The Endangered Species Act (ESA) was signed into law in 1973 to protect animal and plant species at risk of extinction due to habitat changes or loss. The ESA is intended to conserve the habitats and to foster the recovery of threatened or endangered animal and plant species across the United States based on sound data and science. And though the ESA was never intended to be used by environmental organizations as a litigation tool, it has since been abused in order to halt development or destroy economic growth and job creation while diverting millions of taxpayer dollars away from species recovery.
Over the past few years, there have been numerous efforts in Texas, New Mexico, Colorado, Oklahoma, and elsewhere to list species as endangered and place hundreds of thousands of acres of land off-limits to economic development. And a new, stronger wave of threats is expected.
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ICYMI: The U.S. Fish and Wildlife Service announced a six-month extension on the deadline for making a final ESA listing determination for the Texas hornshell. The public comment period is open until September 11th. New species pages: IPAA has developed new species pages for the Texas hornshell and the Rusty-patched bumble bee, now available on the ESA Watch website. Issues [...]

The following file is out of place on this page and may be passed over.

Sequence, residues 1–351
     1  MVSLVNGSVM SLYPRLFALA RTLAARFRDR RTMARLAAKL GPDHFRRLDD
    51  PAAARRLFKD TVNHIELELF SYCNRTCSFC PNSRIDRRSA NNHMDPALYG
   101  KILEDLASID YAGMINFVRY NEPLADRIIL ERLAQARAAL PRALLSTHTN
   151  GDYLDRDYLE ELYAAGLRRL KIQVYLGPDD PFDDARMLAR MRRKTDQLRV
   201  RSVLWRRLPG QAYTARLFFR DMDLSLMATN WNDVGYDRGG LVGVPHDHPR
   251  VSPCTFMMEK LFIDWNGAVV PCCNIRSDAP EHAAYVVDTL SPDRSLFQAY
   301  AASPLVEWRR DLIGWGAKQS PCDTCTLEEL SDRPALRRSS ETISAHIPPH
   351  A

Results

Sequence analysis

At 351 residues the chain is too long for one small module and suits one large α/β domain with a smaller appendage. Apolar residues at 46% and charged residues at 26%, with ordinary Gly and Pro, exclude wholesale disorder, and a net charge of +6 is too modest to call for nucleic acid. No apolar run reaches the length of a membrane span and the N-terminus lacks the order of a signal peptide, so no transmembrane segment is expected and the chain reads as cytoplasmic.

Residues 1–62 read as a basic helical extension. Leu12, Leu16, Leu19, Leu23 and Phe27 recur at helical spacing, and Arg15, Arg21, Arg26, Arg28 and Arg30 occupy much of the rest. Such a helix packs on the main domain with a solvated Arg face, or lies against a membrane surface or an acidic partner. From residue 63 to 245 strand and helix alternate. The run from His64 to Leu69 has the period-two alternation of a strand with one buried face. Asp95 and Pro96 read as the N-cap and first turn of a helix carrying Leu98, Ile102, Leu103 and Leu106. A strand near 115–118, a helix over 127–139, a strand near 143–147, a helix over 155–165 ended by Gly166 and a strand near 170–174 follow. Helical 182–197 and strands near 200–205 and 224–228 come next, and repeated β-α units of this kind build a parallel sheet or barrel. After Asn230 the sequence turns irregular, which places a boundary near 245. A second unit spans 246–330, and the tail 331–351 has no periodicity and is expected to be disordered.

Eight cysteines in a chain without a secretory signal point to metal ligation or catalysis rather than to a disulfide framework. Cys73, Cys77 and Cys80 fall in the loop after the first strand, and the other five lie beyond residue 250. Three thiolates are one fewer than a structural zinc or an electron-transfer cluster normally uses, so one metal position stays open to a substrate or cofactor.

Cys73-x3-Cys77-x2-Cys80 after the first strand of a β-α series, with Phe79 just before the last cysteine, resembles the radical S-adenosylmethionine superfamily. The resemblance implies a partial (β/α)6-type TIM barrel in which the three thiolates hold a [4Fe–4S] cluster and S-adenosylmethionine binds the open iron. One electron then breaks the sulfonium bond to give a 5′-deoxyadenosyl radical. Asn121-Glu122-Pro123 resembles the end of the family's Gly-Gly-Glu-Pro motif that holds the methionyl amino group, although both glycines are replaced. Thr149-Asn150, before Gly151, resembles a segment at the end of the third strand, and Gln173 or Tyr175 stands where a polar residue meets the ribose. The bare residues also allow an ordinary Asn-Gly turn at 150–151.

CAP report looks at sage grouse plans. In a new report published this week, the Center for American Progress (CAP) claims that Interior Secretary Zinke favored oil and natural gas development in his review of the sage grouse conservation management plan and potential public land use. The author of the report, CAP senior fellow Jim Lyons, noted certain language in [...]
Interior to announce lesser prairie-chicken listing in fall. The White House released its Unified Agenda this week, including plans from the Interior Department to issue a proposed rule on whether to list the lesser prairie chicken under the Endangered Species Act. Fish and Wildlife initially listed the grouse species as threatened in March 2014, but removed it in September 2016 after a Texas court judge ruled it [...]